Two years on from the hosting of the last edition, the Wanda Diamond League meeting in Paris is making its big comeback this Saturday in Charléty. “The Fédération Française d’Athlétisme is proud once again to be able to offer fans the very best athletics has to offer with a truly exceptional line-up, enthuses André Giraud, President of the FFA. Nearly 30 medal-winning athletes at the Olympic Games in Tokyo are honouring us with their presence and will be able to benefit from this showcase for our sport alongside France’s headline acts. A big thank you to the Federation’s teams and to the numerous volunteers, who have been working flat out for many months to come up with a unique event, and to our public and private partners for their invaluable support.”
For the numerous athletes, the presence of the public, who were absent from the stands in Tokyo, comes as both a delight and a relief. Such is the case for Mélina Robert-Michon (Lyon Athlétisme), who was eliminated in the qualifying rounds in Japan and will be throwing in front of her partner and two daughters on Saturday. “I’m keen to see what I’m capable of and to rediscover the pleasure of discus throwing. Tomorrow, I’d like to nail a 62-63 m throw”, admitted the international multi-medallist at this Friday’s press conference. Her most notable rivals will include Olympic champion Valarie Allman from the US and Croatian Sandra Perkovic.
Lavillenie and PML targeting enjoyment
Enjoyment will also be the watchword of Renaud Lavillenie (Clermont Athlétisme Auvergne), who will be up against the likes of Swede Armand Duplantis and Americans Chris Nilsen and Sam Kendricks. Still finding it awkward to put significant pressure on his ankle and heel, the former world record holder is still courageously endeavouring to pick up where he left off with his season’s work after his eighth place at the Games. “I didn’t want to round off my season feeling as I do after my Tokyo performance, explains the pole vaulter coached by Philippe d’Encausse. It’s a real pleasure to be back in Paris and to be on home soil with, hopefully, a lot more people to spur us on. You tend to forget how important that is. We’re lucky to be competing in sport at a very high level and to have people cheering us on.”
Pascal Martinot-Lagarde is also looking forward to being pushed to go faster by the spectators. After many weeks of interruption due to physical niggles, the hurdler from ES Montgeron only managed to start bringing his A game again in Tokyo, where he finally ended up with an admirable fifth place in a time of 13’’16. Third on Thursday evening in Lausanne with a wind-assisted time of 13’’17 (+2.9m/s), he has a real thirst for competition and is sure to experience a rush of adrenalin on Saturday in Paris’ 13th district, where he’ll notably be vying with the surprise winner in Japan, Jamaican Hansle Parchment.
“I’m familiar with the power of Paris, so I’m hoping to run faster than I did yesterday, says Benjamin Crouzet’s student. I’ve never won here. I’ve twice finished second. It was a massive boost to see Lausanne’s stadium full. It was great to come out of the call room, hear the crowd and rediscover the adrenalin rush that has been missing for so long. I’m looking forward to seeing how things will be in Charléty tomorrow. I hope it’s going to be noisy.”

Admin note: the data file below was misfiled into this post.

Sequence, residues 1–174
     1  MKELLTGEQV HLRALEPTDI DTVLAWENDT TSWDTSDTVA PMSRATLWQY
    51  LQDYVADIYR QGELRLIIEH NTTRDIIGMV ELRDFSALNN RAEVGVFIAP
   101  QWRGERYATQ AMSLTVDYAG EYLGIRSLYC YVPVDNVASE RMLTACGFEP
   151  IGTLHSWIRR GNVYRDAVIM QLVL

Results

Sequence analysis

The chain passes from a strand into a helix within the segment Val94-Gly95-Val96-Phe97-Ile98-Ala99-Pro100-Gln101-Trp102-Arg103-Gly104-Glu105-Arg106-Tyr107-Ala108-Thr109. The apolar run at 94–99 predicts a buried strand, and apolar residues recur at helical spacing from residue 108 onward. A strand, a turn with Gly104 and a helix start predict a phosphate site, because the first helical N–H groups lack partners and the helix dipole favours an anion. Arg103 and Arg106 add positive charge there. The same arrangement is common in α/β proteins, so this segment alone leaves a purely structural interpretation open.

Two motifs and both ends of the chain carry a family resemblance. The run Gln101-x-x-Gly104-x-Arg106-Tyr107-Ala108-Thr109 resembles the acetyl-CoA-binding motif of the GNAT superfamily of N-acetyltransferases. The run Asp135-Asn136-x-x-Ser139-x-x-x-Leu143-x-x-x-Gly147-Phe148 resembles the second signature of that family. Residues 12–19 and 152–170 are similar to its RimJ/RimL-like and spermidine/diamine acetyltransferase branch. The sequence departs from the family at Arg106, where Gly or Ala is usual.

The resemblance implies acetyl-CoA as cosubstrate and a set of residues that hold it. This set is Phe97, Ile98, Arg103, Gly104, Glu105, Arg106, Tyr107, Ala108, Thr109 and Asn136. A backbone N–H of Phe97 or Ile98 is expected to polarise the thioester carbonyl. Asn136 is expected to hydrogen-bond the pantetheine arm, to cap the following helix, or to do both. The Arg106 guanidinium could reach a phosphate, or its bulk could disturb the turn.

Lavillenie, Robert-Michon, Martinot-Lagarde: so many athletes can recall the long seasons spent contesting the most prestigious competitions on French soil. The same is true for athletes like Jimmy Vicaut (100 m outside the Diamond League), Aurel Manga (110 m hurdles), Valentin Lavillenie (pole vault) and Benjamin Compaoré (triple jump).
Tual on the track, Zhoya and Konaté with a ringside seat
This 2021 edition is also welcoming a host of ‘newbies’ too. Among them, Gabriel Tual, seventh in the 800 m in Tokyo, who at 23 years of age has a whole future ahead of him. The middle-distance runner from US Talence, fourth in a very choice line-up in Lausanne yesterday, will be making his career debut at the Wanda Diamond League meeting in Paris. His panache and freshness are bound to appeal to the home crowd. Similarly, the performances posted by Ethan Cormont (ASA Maisons-Alfort), European U23 champion and Laureen Maxwell (Athlé 91), second best junior female high jumper of all time, are sure to be up for scrutiny.
With the exception of Maxwell, the juniors and hopefuls who medalled in the European U23 Championships in July, then the U20 Worlds in August, will have the honour, along with double Olympic number two Kevin Mayer, to be presented to the public in the run-up to the meeting. Leading the way will be Sasha Zhoya and Erwan Konaté, who returned from Nairobi (Kenya) with gold in the 110 m hurdles and the long jump at the start of the week. For this talented new generation, who already have their sights on the Paris Olympics 2024 and Los Angeles 2028, it will doubtless be a thrilling experience before they literally hit the track running from next year.
“We were keen to invite this new, highly promising generation, explains André Giraud. With the French audience set to come out in force, having been deprived of any international meetings since early 2020 due to the health situation, applauding these new faces as the great champions they are will be a wonderful moment. With three years to go until the Olympic Games in Paris, now more than ever, athletics has a central role to play in our capital and across France as a whole.”